Maxwell Child Development Center teams up with Montgomery Humane Society for Month of Military Child
Smoke embraces hugs from children at the Maxwell Child Development Center April 16, 2014. Three adoptable dogs visited the center in celebration of Month of the Military Child. (U.S. Air Force photo illustration by Staff Sgt. Natasha Stannard)
Maxwell Child Development Center teams up with Montgomery Humane Society for Month of Military Child

by Staff Sgt. Natasha Stannard
42nd Air Base Wing Public Affairs

4/18/2014 - MAXWELL AIR FORCE BASE, Ala  --  The Maxwell Child Development Center teamed up with the Montgomery Humane Society to bring shelter dogs to the center April 16.

CDC training supervisor, Diana Shonk, coordinated the event with base members who volunteer at the society. Shonk said she wanted to do something special and new for the children in recognition of Month of the Military Child.

"It's a community outreach type of thing, and we really try to do that as much as we can for the children to get to know the community," said Shonk.

The CDC raised awareness for the humane society all week by asking for monetary donations and pet-supplies. The anticipation of the puppies' arrival opened some of the children's eyes about shelter dogs, some of them didn't know about the humane society before, Shonk said.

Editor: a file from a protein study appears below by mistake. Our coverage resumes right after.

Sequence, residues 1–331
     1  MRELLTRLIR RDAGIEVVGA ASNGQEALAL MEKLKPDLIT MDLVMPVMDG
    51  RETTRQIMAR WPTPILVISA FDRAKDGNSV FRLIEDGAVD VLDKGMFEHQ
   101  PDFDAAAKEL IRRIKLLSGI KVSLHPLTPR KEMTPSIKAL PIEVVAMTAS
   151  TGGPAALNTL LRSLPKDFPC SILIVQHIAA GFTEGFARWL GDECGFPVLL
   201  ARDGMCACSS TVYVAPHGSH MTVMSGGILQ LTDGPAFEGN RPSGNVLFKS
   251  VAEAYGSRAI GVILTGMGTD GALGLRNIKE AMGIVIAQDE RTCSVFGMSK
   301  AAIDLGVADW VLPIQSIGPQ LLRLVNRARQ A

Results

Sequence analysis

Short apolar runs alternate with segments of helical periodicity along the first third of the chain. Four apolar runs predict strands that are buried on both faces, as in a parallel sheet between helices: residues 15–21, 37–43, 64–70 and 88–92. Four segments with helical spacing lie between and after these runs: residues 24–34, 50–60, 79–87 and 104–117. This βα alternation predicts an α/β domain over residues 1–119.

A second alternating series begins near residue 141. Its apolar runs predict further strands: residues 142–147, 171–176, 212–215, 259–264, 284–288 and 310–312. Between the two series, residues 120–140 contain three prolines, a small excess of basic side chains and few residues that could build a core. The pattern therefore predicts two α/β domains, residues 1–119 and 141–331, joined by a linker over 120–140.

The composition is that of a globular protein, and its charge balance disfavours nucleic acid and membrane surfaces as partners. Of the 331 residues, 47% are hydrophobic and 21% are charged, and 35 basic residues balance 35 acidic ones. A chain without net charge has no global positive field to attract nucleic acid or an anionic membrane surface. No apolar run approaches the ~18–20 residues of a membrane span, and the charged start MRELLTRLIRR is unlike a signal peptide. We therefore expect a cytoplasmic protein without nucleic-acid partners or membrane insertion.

"When the kids found out the puppies were coming they started asking how they could help, and asked their parents to bring supplies. Some of them even talked about bringing in their piggybanks," she added.

Along with donations, the event also helped the three shelter dogs, Rob, Smoke and Rosemary, get exposure for potential adoptions, which is the society's overall goal, said MHS volunteer and 42nd Force Support Squadron force development flight chief Rebecca McKenzie.

"For the dogs, it's really great to get them socialized," McKenzie said of events like this helping the dogs better acclimate to the world outside of the shelter.

She added that many different types of families adopt dogs, so exposing the animals to different environments and especially people is ideal to prepare them for any family situation.

As classes ran to the front of the CDC building to greet the adoptable dogs, the puppies exemplified their adaptability. They sat patiently, wagging their tails as six to 10 hands reached out to pet them. Children also came out in strollers and cribs to greet the furry visitors.

Daphne Collins, a teacher at the CDC said she has never seen the children this excited. She added that this event was especially important for military children as they face situations not common to most households such as parents deploying and having to move every four to six years.

She said that while the dogs aren't a replacement for their parents, they did help to bring a smile to the children's faces.

Smoke, Rob and Rosemary are still available for adoption through the Montgomery
Humane Society, and each are prepared to take on a loving home with children. To adopt, call 409-0622 or visit